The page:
<div class="language-container">
      <label for="language">{{dictionary.languageLabel}}:  </label>
      <input type="radio" name="language" value="en" v-model="language"/>English
      <input type="radio" name="language" value="es" v-model="language"/>Español
    </div>
  </div>
</template>

<script>
import axios from 'axios';
import { ref, computed } from '@vue/composition-api';
import en from './constants/en.json';
import es from './constants/es.json';
const useLogin = () => {
  const username = ref('');
  const password = ref('');
  const updateUsername = (event) => {
    username.value = event.target.value;
  };
  const updatePassword = (event) => {
    password.value = event.target.value;
  };
  const submit = async () => {
    // probably add some other business logic here :)
    await axios.post('https://jsonplaceholder.typicode.com/users', {
      username,
      password,
    });
    alert('User created');
  };
  return {
    username,
    password,
    updateUsername,
    updatePassword,
    submit,
  };
};
const useLanguage = () => {
  const language = ref('en');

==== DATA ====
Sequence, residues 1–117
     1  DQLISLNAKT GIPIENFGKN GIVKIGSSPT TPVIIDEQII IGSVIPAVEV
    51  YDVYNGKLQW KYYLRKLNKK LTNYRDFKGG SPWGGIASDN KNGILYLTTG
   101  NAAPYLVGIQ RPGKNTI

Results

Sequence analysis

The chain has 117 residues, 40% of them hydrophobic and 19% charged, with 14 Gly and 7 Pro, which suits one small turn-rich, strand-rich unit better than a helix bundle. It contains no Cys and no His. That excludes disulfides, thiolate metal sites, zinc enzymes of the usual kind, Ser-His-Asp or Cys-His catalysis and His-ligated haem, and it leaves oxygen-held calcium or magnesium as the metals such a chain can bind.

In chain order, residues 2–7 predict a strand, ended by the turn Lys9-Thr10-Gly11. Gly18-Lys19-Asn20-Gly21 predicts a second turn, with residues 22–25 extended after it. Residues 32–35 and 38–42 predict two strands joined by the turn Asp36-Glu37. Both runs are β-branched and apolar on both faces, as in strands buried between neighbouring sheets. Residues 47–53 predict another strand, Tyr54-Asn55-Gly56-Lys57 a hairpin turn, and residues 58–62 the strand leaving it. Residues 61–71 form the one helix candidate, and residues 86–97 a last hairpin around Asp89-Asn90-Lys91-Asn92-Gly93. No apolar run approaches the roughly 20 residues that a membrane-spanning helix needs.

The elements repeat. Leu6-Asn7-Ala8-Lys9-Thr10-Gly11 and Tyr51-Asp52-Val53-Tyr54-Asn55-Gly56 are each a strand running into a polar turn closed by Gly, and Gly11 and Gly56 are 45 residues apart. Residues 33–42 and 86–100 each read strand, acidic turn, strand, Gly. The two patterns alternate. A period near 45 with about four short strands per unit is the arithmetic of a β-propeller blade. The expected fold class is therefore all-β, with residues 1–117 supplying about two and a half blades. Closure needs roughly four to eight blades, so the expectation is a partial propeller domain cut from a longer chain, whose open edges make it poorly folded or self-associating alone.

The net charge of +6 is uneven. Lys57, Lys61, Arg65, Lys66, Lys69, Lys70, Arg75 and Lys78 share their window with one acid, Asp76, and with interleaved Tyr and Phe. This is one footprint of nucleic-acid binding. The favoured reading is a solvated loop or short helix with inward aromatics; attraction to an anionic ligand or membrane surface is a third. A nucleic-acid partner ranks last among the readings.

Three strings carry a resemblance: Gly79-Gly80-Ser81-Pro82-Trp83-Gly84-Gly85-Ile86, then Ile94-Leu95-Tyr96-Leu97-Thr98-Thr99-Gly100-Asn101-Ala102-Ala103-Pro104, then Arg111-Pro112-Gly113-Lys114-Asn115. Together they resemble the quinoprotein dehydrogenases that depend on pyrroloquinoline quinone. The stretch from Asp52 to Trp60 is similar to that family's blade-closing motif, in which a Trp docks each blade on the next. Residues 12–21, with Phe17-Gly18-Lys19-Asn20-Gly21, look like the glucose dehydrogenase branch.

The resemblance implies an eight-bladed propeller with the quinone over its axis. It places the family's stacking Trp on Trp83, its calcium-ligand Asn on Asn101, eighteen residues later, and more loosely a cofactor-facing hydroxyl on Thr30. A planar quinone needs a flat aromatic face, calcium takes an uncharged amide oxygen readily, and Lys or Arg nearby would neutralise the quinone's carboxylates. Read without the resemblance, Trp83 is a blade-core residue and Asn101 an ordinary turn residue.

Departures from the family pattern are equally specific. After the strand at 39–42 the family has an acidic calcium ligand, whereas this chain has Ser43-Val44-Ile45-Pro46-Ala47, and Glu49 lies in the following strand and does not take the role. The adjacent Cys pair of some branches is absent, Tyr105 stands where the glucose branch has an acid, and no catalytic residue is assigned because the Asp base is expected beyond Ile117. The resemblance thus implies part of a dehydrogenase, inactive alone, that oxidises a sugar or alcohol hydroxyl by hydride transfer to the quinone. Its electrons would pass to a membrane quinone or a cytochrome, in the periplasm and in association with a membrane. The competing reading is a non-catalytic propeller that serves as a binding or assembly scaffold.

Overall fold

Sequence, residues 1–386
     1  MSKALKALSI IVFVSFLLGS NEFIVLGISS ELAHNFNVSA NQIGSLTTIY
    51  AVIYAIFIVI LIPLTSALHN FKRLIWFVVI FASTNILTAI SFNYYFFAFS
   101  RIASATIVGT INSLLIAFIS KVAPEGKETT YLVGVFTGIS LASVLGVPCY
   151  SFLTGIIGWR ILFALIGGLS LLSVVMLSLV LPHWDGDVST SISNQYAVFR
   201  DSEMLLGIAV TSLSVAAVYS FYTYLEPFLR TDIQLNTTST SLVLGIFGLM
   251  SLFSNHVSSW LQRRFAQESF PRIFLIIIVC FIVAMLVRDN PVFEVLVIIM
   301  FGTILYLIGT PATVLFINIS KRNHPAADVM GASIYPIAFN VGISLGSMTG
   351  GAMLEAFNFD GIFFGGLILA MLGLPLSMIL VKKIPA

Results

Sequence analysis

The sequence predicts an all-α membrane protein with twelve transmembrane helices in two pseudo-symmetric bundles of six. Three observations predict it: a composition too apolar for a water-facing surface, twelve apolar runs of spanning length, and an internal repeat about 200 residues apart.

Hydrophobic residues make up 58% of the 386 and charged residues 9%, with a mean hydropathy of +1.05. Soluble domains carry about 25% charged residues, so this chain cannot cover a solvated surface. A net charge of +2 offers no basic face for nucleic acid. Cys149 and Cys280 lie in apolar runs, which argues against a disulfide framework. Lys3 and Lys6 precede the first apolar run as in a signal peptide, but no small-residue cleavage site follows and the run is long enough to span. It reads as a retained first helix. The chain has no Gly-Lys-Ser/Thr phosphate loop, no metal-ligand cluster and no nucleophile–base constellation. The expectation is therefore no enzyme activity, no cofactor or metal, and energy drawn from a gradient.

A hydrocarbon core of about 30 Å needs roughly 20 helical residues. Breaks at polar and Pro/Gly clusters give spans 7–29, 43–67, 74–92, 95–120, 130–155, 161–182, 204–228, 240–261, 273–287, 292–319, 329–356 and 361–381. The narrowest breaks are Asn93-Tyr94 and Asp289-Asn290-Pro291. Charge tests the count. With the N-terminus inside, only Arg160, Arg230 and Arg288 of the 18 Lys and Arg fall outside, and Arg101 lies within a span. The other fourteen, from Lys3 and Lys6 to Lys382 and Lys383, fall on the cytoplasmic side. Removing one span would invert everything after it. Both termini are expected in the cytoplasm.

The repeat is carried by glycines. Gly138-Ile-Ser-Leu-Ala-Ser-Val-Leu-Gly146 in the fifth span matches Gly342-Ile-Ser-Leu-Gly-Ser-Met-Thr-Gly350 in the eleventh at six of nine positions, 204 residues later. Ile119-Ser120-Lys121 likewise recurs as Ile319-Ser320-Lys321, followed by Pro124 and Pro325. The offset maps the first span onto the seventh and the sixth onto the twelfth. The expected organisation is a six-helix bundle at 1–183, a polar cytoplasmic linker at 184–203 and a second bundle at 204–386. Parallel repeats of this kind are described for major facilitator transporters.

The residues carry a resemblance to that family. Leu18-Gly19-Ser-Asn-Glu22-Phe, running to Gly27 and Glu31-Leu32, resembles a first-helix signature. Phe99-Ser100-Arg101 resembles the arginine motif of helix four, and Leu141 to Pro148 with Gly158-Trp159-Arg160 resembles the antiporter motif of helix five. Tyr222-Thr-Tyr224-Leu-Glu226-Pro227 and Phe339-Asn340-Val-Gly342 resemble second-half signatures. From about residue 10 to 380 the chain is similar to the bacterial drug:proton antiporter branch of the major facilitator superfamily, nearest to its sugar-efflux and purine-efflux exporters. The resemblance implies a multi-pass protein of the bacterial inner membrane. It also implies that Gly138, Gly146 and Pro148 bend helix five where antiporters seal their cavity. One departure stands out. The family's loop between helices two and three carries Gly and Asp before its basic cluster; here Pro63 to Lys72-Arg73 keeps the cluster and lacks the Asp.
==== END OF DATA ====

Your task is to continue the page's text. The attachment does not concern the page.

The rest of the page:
const dictionary = computed(() => (language.value === 'es' ? es : en));
  return {
    language,
    dictionary,
  };
};
export default {
  name: 'app',
  setup() {
    return {
      ...useLogin(),
      ...useLanguage(),
    };
  },
};
</script>

<style>
// some custom styles here
</style>

App-composition-modular.vue

As you can see, the setup function now is very small and readable. This way, you can extract tiny features as composition functions and compose them together in different combinations in different components!!

Summing up

Well, we’ve seen how the composition API works and seen a few ways it can be implemented. It’s about the right time to discuss the value that this has brought:

  1. We are writing code in a more functional manner. It is the style that Javascript prescribes. It’s easier to modularise and reuse such code. For example, our useLanguage function can be used in multiple components that require such translation.
  2. The previous options API organised code by functionality (data, methods, etc)and not features (like Login and Language). This felt fine while developing simple components. But as the component grew, tracking all parts of a feature became a tough job. The feature-wise separation of concerns brought with the composition API makes code more readable.
  3. Unit testing(another blog post about this soon?) these new composition functions becomes a breeze because, as mentioned earlier, they take away most of the esoteric parts of the previous API. No more this and that 😂

I hope that this article served as a good primer to the new composition API and got you excited about Vue 3.

Hit me up on twitter or leave any suggestions/views in the comments below 👇

Cheers ☕️